Later, Timmorn ran through the darkest part of the night, through the deep woods. His eyes, yellow as twin moons, saw the world swirl mistily by him in the starlight as he ran, his breath and blood singing, the wolf high within him. Somewhere, behind the trees in the deepest shadows, he knew the wolf-pack was with him, though they still ran their own path, black and fluid in the night. Not true elf, not true wolf, Timmorn was both now, instead of neither. That knowledge lived, secure, in his blood.

Back in the camp, the one who had been Valloa slept, her wounds attended by the healer. Among the others, there was some little confusion, for they did not understand why she went by another name now. No matter. The new name, the Murrel name whispered in his mind with a voice no one else could hear or share, and it called to him. The two had not joined this night as the voice had gently urged, for she was

still weak, but Timmorn knew that matings-and cubs-would come. There was a something, a bond, a feeling he had not experienced before. It was a feeling both fresh and new, and incredibly ancient. It warmed within him.

(And as he ran and turned the new thing over and over in his mind, tasting it, Timmorn also thought of the other one, Seilein. He grinned, wolflike, lips tight over sharp teeth; there would be joinings there too, if he had sensed her own mind and scent correctly…)

It is life, he realized, slowing to a gentle lope. He went in his mind to the place that had been so troubled, to the empty hole that had been gouged there by the death of the wolf days before. The new thoughts filled the hole and soothed it, and they were the shape and color and smell and feel of life.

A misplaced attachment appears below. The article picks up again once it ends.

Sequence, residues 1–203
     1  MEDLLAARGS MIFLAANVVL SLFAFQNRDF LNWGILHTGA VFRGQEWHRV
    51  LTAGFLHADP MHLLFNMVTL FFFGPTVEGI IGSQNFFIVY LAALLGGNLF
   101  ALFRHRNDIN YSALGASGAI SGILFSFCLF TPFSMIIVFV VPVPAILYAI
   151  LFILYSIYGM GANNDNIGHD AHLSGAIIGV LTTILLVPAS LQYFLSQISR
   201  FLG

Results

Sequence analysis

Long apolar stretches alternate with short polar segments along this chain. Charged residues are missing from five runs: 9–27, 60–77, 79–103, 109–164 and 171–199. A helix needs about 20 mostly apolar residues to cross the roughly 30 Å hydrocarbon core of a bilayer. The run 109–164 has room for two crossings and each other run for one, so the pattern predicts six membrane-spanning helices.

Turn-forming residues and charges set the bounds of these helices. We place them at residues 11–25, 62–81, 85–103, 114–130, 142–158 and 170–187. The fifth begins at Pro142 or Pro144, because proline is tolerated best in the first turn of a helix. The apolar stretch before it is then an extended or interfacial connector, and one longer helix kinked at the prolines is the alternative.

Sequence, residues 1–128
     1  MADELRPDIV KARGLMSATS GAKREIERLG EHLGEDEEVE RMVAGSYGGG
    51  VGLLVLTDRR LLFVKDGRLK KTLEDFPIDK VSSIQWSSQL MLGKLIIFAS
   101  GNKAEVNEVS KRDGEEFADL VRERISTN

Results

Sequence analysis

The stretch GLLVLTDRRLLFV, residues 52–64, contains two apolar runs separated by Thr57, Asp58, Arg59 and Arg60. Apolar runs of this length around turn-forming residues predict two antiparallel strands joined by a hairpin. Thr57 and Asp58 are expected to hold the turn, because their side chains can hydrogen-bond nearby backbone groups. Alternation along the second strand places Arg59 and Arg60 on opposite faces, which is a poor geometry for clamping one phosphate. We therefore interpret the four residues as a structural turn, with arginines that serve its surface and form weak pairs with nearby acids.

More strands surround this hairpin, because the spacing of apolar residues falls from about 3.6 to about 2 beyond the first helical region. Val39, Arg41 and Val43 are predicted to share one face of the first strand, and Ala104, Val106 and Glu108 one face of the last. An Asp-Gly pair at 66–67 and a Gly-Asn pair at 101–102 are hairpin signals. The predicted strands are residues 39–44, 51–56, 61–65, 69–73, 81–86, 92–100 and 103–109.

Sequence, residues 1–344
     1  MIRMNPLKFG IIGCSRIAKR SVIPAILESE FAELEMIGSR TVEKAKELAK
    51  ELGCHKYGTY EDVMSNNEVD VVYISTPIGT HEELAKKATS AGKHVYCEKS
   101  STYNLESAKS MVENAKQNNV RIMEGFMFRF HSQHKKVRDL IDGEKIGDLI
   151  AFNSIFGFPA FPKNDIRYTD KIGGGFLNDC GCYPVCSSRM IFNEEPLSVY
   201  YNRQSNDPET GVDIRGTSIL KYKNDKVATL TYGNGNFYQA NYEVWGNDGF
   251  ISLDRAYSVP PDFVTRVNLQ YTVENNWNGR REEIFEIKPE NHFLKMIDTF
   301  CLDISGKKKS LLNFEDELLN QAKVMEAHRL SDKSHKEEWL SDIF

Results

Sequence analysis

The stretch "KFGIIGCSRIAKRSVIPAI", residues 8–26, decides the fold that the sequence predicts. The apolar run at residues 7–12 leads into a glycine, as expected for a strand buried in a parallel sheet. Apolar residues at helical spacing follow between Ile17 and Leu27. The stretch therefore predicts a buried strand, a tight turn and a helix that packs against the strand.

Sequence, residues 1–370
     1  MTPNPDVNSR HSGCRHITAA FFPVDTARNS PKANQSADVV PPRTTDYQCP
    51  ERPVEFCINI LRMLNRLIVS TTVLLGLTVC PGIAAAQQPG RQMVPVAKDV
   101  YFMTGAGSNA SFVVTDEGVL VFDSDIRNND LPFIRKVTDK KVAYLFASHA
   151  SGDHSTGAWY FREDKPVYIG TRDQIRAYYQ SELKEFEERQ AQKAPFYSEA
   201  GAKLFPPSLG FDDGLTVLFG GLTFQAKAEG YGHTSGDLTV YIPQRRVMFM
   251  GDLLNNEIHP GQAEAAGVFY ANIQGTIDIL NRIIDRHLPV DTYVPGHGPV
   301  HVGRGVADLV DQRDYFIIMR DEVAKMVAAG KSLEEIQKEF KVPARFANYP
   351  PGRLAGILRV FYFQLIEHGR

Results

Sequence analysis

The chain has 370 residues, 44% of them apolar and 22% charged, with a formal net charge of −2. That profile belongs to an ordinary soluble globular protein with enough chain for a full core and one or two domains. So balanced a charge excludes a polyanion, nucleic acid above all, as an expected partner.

Timmorn had seen death before, and he knew he would see it again. The world was full of death. But now he could fight it and not scamper aside from its fangs and claws like a frightened wolf who only knew self, and not others.

He did not yet know if the new feeling meant much or little to the others, the ones who slept and tried and succeeded or failed, but at that moment, in the now that filled him up, it meant all.

The young elf-woman's face showed the effects of an eight-of-days spent eating poorly and sleeping worse. Dark bruises clouded her green-and-gold eyes, and her gestures, as she slid down the tree trunk to sit amid its roots, were weariness personified. Even her hair, normally full of sunlight and curls, fell limp around her face.

**I don't know what to do,** she sent to the elf hidden in the branches above her.**Could it be Recognition?**

The leaves rustled and Longreach leaped to the ground, agile for all that Bearclaw was his fifth chief. 'If you have to ask, it isn't Recognition,' he said with a sly smile.

'Then what is it? Finding my soulname was nothing compared to this. No matter what I do there's an ache somewhere inside. I wake up from a sound sleep knowing that I've dreamt something awful but not being able to remember it. Sometimes I just go to the tall grasses and run until I collapse. Not even my wolf-friend can help me.'